EPA Awards $6.75 Million in Brownfields funding to Cleanup and Revitalize Massachusetts Communities
Release Date: 06/05/2012
Contact Information: EPA Public Affairs, (617) 918-1010
(Boston, Mass. – June 5, 2012) – EPA is providing $6.75 million in Brownfields grants to help Massachusetts communities to assess, cleanup and redevelop abandoned or contaminated properties. The funding is part of more than $17 million in EPA brownfields investments across the six New England states announced by EPA to protect health and the environment, create jobs and promote economic re-development in American communities.
The grant money can assist work to reclaim sites including old textile mills, sites containing hazardous substances and petroleum products and other abandoned industrial and commercial properties. EPA’s Brownfields program encourages redevelopment of America’s estimated 450,000 abandoned and contaminated waste sites.
In Massachusetts this year, EPA is providing 33 separate Brownfields grants to the following municipalities and groups:
- · Attleboro Redevelopment Authority, $400,000 (2 cleanup grants, Automatic Machine Products property and American Metalcraft Property)
· City of Fall River, $400,000 (1 Community-wide assessment grant, 1 Community-wide cleanup grant)
· City of New Bedford, $200,000 (cleanup grant, 478 - 480 Union St.)
· City of Boston, $400,000 (2 cleanup grants, Jackson Commons - 1542 and 1540 Columbus Ave.)
· United Neighbors of Lower Roxbury, $200,000 (cleanup grant, UNLR Community Cultural Center)
· Berkshire Regional Planning Commission, $250,000 (1 Community-wide Revolving Loan Fund Supplemental grant)
· Westmass Area Development Corporation (Chicopee), $200,000 (cleanup grant, Ludlow Mills)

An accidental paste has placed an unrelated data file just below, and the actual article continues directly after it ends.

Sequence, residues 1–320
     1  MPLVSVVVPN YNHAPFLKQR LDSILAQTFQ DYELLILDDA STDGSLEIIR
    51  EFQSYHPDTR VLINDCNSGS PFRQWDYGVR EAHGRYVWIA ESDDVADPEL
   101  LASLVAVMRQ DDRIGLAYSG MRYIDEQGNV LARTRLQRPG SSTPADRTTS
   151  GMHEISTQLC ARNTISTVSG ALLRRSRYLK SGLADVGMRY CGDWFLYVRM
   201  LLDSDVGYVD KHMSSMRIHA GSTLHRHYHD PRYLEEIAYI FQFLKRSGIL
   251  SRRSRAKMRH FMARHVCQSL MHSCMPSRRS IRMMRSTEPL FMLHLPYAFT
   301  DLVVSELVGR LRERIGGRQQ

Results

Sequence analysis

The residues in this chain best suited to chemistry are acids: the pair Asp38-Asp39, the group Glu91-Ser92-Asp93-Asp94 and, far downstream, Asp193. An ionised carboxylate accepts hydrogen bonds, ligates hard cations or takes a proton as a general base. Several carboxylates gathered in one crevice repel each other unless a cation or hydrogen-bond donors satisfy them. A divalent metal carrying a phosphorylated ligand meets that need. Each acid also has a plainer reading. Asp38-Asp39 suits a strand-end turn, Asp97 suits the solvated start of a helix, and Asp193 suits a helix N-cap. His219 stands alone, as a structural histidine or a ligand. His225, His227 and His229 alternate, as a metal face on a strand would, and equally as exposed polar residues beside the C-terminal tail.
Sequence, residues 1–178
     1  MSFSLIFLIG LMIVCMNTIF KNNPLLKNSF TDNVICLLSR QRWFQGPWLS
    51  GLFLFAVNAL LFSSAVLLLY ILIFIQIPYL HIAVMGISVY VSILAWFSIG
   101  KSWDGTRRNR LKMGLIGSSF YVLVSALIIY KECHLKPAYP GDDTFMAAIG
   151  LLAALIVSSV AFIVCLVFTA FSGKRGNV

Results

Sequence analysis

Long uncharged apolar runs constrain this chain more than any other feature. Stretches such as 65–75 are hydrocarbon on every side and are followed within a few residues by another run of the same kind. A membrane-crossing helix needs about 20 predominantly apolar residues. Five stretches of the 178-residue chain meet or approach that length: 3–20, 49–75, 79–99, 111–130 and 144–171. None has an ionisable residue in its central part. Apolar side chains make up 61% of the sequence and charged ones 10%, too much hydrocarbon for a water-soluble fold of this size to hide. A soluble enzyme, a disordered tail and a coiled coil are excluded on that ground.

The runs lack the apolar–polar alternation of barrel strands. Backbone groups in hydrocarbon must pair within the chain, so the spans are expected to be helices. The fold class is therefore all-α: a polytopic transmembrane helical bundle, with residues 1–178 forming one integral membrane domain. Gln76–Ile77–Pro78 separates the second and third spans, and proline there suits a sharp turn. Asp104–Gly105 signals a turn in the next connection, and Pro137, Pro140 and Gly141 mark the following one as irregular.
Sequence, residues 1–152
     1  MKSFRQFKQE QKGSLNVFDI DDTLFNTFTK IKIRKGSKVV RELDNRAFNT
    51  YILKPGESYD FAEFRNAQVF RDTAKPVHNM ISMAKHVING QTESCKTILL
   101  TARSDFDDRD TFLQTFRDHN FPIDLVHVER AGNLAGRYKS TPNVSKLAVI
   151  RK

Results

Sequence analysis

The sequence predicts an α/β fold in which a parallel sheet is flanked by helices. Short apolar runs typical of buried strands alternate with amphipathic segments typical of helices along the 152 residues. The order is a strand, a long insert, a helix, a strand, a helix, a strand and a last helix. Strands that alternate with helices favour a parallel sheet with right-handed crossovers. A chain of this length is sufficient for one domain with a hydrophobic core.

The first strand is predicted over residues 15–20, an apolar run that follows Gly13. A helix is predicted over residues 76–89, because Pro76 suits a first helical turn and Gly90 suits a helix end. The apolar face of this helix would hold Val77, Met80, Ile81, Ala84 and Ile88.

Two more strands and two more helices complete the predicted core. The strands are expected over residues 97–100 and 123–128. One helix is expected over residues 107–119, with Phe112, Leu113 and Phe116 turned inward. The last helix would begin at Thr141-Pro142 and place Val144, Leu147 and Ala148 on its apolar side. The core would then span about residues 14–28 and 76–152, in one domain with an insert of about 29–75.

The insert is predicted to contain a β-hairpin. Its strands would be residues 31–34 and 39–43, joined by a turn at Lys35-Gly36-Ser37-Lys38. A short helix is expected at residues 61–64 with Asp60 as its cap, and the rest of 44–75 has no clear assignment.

· City of Chicopee, $800,000 (1 Community-wide assessment grant, 3 cleanup grants for Uniroyal Property Parcels)
· City of Holyoke, $200,000 (cleanup grant, Mountain Road Firing Range)
· Pioneer Valley Planning Commission, $400,000 (2 Community-wide assessment grants)
· Town of Lee, $100,000 (cleanup grant, 25 School Street)
· Town of Framingham, $400,000 (2 Community-wide assessment grants)
· New Garden Park, Inc. (Worcester), $200,000 (cleanup grant, Worcester Telegram & Gazette Bldg., 18-20 Franklin St.)
· City of Worcester, $300,000 (1 Community-wide Revolving Loan Fund Supplemental grant)
· Town of North Brookfield, $200,000 (cleanup grant, 57 School St.)
· City of Gloucester, $400,000 (2 Community-wide assessment grants)
· Ocean Alliance (Gloucester), $200,000 (cleanup grant, Tarr & Wonson Paint Factory)
· Merrimack Valley Planning Commission, $200,000 (Community-wide assessment grant)
· City of Lawrence, $400,000 (2 Community-wide assessment grants)
· City of Somerville, $900,000 (3 cleanup grants for Kiley Barrel parcels [8 Bennett St., 10 Milk St., 264-266 Somerville Ave.], 1 Community-wide Revolving Loan Fund Supplemental grant)
“EPA Brownfields funding helps strengthen the economic foundation and is a catalyst for further growth in our communities,” said Curt Spalding, regional administrator of EPA New England’s office. “Cleaning and revitalizing contaminated sites helps create jobs, and can help a community to create new businesses and neighborhood centers, while making our environment cleaner and the community healthier.”
Since the beginning of EPA’s Brownfields Program, in New England alone EPA has awarded 296 assessment grants totaling $72.7 million, 62 revolving loan fund grants and supplemental funding totaling $68.4 million and 213 cleanup grants totaling $47 million. These grant funds have paved the way for more than $1.45 billion in public and private cleanup and redevelopment investment and for 9,756 jobs in assessment, cleanup, construction and redevelopment on over 2200 sites across New England.
Nationally, the figures are impressive: As of May 2012, EPA’s brownfields assistance has leveraged more than $18.3 billion in cleanup and redevelopment funding from a variety of public and private sources and helped create approximately 75,500 jobs. More than 18,000 properties have been assessed, and over 700 properties have been cleaned up. These investments and jobs target local, under-served and economically disadvantaged neighborhoods – places where environmental cleanups and new jobs are most needed.
EPA Brownfields program in New England: http://epa.gov/region1/brownfields/index.html
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